Next to Godliness

lava mae

I’ve been avoiding posts about negative stuff and waiting to find positive stuff to share, which is why I’ve been sort of radio silence for the past couple of weeks. Well, I’ve found something positive, sort of.

I live across the bay from San Francisco, which has a lot of homeless people living there. When you visit you see them on the streets a lot, begging for spare change. You also (ahem) smell them, because they don’t have access to bathing facilities. But now that’s changing as a result of one woman’s great idea and ingenuity. Her name is Doniece Sandoval and her great idea is a bus that has been retrofitted to provide mobile showers  for homeless people.

Homelessness is not a positive thing to write about, but shower facilities for homeless people provided by a non-profit organization called Lava Mae is a good and positive thing. At least I think so, but if you check the comments following the article on SFGate about Lava Mae it becomes apparent that not everyone agrees. The reason is that some people think that San Francisco creates too many programs to help the homeless and the programs become a magnet that attracts more homeless people, which in turn increases the need for more programs for the homeless people; kind of a vicious cycle.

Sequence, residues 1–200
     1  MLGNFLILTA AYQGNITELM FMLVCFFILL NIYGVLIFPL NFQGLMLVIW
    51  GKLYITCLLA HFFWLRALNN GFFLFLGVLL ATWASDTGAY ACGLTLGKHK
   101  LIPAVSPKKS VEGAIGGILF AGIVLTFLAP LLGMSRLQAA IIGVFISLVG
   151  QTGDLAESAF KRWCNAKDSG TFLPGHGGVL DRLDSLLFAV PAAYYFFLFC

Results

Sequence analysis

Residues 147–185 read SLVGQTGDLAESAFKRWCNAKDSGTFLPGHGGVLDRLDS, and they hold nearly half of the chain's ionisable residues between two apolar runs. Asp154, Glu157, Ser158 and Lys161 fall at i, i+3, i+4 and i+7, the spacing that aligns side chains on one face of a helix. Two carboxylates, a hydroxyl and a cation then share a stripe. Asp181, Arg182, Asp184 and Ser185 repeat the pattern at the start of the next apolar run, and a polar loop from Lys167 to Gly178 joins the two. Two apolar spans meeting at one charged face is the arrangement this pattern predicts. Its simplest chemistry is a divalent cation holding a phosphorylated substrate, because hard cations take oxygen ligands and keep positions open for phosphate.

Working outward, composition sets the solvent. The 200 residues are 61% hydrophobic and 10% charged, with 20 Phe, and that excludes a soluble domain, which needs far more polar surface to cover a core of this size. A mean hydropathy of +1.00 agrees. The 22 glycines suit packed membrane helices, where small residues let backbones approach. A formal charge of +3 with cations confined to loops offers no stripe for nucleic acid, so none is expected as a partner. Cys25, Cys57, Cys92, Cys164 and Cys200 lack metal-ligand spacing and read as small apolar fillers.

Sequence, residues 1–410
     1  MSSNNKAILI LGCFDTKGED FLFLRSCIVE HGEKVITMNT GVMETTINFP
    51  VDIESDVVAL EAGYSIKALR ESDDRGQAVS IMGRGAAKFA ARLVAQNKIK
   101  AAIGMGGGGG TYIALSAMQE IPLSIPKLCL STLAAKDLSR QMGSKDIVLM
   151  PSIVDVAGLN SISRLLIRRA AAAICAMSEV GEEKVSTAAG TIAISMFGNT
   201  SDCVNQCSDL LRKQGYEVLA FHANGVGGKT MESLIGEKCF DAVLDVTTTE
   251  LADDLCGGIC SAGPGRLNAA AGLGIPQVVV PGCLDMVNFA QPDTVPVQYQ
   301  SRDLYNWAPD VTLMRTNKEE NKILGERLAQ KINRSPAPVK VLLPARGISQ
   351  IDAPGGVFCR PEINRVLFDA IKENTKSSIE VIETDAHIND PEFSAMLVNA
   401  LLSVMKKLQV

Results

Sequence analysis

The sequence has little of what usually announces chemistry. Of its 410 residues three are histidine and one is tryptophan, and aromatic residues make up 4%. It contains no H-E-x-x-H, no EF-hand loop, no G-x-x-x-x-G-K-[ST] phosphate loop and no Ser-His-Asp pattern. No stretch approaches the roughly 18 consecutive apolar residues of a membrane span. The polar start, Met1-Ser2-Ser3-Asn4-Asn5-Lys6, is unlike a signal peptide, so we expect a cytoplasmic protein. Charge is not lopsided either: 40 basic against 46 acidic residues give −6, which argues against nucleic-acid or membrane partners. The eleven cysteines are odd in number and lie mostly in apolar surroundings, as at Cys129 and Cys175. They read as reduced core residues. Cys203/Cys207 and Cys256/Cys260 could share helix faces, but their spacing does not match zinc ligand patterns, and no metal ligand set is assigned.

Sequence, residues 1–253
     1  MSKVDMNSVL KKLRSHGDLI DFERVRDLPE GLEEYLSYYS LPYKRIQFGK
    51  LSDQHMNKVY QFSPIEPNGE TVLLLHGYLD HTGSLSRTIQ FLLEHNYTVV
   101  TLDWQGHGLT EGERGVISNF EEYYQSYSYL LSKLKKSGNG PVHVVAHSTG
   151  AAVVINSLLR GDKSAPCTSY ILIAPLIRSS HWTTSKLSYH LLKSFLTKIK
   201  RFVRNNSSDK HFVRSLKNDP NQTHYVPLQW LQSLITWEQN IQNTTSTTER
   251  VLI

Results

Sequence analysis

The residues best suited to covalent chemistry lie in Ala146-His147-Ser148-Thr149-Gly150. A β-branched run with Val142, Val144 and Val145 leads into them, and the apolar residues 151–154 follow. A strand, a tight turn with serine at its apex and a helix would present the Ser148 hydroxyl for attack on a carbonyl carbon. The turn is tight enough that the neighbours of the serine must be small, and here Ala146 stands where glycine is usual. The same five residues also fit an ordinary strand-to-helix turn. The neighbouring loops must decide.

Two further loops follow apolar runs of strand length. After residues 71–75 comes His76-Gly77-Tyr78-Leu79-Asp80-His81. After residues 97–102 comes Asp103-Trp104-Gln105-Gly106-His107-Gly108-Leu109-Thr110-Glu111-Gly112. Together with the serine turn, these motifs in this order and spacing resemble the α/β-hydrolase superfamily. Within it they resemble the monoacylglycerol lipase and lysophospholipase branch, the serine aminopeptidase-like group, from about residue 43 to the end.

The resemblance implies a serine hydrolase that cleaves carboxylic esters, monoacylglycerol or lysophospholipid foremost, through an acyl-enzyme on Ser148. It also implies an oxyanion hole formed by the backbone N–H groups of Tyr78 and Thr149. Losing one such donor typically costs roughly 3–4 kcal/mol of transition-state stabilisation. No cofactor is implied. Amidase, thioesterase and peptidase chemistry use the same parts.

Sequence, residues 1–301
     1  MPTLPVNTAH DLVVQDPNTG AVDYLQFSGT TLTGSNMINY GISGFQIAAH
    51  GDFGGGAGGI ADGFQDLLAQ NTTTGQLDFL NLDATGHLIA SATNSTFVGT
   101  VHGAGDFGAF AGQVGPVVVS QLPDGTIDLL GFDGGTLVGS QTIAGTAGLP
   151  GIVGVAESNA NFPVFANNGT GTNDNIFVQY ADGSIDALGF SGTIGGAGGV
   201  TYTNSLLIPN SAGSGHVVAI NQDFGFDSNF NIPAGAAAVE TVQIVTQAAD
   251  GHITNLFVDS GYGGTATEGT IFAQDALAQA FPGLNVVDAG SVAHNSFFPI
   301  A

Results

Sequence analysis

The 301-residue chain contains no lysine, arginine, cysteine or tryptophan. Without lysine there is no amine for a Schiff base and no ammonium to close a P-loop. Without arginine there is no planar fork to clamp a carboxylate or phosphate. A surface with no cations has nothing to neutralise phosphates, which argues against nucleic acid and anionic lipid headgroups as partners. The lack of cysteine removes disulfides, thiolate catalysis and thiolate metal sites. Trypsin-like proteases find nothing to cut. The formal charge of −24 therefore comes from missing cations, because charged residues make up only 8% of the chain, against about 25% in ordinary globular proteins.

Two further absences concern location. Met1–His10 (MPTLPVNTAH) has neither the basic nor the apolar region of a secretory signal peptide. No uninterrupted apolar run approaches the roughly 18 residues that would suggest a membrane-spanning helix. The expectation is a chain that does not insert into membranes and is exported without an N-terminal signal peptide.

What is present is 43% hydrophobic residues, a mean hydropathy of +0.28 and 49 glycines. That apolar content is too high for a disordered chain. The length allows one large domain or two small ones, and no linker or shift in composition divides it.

My own views on homelessness have evolved over the past thirty years. I used to have a neutral stance of grudging tolerance toward the homeless, balancing sympathy with a feeling that people often make bad choices in life. San Francisco and Silicon Valley have been very successful and created enormous wealth. It seemed odd to me that anyone could be homeless in the context of such wealth. Then we experienced the great recession and there were a lot of people who got swept up in the negative tide of choices that other people made. Whole families were living in tents in camping grounds and I realized that people become homeless for a variety of reasons and it’s wrong to put them all in the same category.

I see Lava Mae as an unqualified good and I love their motto: Delivering Dignity, One Shower At A Time.

One thought on “Next to Godliness

  1. Back in the 1960s if Deaf people tried to apply for welfare and couldn’t read and write English they’d be put on a Greyhound bus and sent out of town with nothing but what they had on them. Back then there was no way for them to communicate with anyone at a distance since they couldn’t talk on telephones. SF wasn’t kind to poor people back then. At least things are better now for Deaf people.

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